Monday, February 19, 2018

Statement in Support of Gov. Hogan's Proposal for an Inspector General for Education

Statement on Senate Bill 302 Accountability in Education Act of 2018
February 7, 2018
Senate Education, Health and Environmental Affairs Committee

Janis Zink Sartucci
 Parents' Coalition of Montgomery County, Maryland

Formed in 2002, the Parents' Coalition of Montgomery County, Maryland seeks to achieve the goals of coherent, content-rich curriculum standards; high expectations combined with timely remediation and acceleration; a wider range of educational options for parents and children; greater transparency and accountability; and meaningful community input. The Parents' Coalition is a non-partisan group made up of independents, Republicans, and Democrats like myself.  We believe that public school education is a vital right for all children.  We believe that every dollar labeled for education should benefit classrooms and that when children attend public schools they should be in a safe and secure environment.

In Governor Hogan's press conference announcing the introduction of this bill, he mentioned our 2014 investigation into the use of personal MCPS credit cards by Board of Education members and MCPS administrators.

Over the years the Parents' Coalition has investigated various issues related to our public school system.  Each and every investigation has been validated by State Audits and, or investigative journalists from all of the major news sources in the Washington, D.C. area.  Today I would like to briefly mention some of our investigations in the hopes that the vital need for an Investigator General for Education in the State of Maryland will become clear.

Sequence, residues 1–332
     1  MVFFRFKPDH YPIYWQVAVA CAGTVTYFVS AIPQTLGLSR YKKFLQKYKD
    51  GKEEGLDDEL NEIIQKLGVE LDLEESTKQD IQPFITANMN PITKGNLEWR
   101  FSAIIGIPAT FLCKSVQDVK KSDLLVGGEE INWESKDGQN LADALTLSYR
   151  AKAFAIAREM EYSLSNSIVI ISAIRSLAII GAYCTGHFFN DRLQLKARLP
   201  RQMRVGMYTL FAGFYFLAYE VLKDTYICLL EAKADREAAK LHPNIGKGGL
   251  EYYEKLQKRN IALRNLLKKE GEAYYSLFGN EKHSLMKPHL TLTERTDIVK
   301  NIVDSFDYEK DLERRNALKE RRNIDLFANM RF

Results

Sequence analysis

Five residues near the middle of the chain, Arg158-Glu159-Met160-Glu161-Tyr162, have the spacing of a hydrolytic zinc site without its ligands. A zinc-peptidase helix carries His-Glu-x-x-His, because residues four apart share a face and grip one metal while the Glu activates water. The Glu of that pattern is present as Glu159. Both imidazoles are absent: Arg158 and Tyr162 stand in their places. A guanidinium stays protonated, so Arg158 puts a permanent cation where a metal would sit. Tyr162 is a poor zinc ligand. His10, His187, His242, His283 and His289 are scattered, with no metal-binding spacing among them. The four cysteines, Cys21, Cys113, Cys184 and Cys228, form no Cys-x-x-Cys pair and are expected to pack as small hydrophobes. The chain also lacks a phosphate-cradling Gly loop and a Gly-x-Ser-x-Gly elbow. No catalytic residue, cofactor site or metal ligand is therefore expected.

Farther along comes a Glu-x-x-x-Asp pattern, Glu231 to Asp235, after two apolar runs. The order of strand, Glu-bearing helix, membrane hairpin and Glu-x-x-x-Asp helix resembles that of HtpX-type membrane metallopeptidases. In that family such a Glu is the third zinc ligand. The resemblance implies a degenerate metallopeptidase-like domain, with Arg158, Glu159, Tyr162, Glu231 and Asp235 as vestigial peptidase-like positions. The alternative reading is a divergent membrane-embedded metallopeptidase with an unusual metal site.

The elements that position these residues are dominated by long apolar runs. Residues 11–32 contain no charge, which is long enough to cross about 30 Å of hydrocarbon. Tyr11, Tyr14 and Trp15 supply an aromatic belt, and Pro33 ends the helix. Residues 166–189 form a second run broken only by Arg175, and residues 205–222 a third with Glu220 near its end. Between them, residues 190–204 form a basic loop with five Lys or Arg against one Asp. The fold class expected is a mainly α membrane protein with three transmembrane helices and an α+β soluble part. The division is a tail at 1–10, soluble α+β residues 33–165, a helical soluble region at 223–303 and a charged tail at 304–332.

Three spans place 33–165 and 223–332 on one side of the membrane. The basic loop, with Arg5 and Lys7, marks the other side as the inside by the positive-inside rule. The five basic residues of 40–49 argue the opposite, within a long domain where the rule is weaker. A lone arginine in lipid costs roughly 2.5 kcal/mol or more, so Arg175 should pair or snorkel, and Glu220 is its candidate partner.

• Our investigation into the use of personal credit cards by Board of Education members and Montgomery County Public School administrators revealed that thousands of credit cards had been issued but that the credit card bills are paid without verification.  Over the years the credit card bill has climbed to over $8 million a year.  Any time these bills are reviewed, improprieties are revealed.

• No bid purchases continue to be the prevalent with the Board of Education and often the majority of Board of Education spending is without bids or review of vendors.  At the last Board of Education on January 9, 2018, there was $4.8 million in spending.  Of those purchases 8 contracts were no bid and 12 were “extensions.”  The majority of the $4.8 million was spent without competitive bidding or a review of contractors for quality or price.

• In 2009, while working with a federal inspector general, I uncovered the no bid purchase of 3,300 Promethean boards for over $12 million.  Those Promethean Boards were being purchased on individual invoices so as to avoid Board of Education public votes on the purchase.

• Further investigation into the under the table Promethean Board purchases revealed that the Board of Education had been receiving rebates from the federal government that they were not reporting in their public budget documents.  As of 2009, the Board of Education had received over $21 million that had not been disclosed in public budget documents.  The Board was then spending those funds on no bid purchases, without any public disclosure.

• Our 2013 investigation into the placement of commercial cell towers on public school land revealed that those cell towers were hiding in plain site and not paying property taxes.  At the time Louis Wilen discovered that the cell tower companies had avoided hundreds of thousands of dollars in property taxes by building on public school land.  He prompted the State to begin issuing property tax bills as required by law, but years of tax revenue was lost forever.

• In 2008, we uncovered the illegal charging of class fees.  In Maryland, students are entitled to a free public education.  Unfortunately, that right is not honored by the Montgomery County Board of Education and to this day students are denied their right to attend public school free of charge.

• In 2013, working with parents and staff we exposed the stealing of student funds at Rock Terrace School.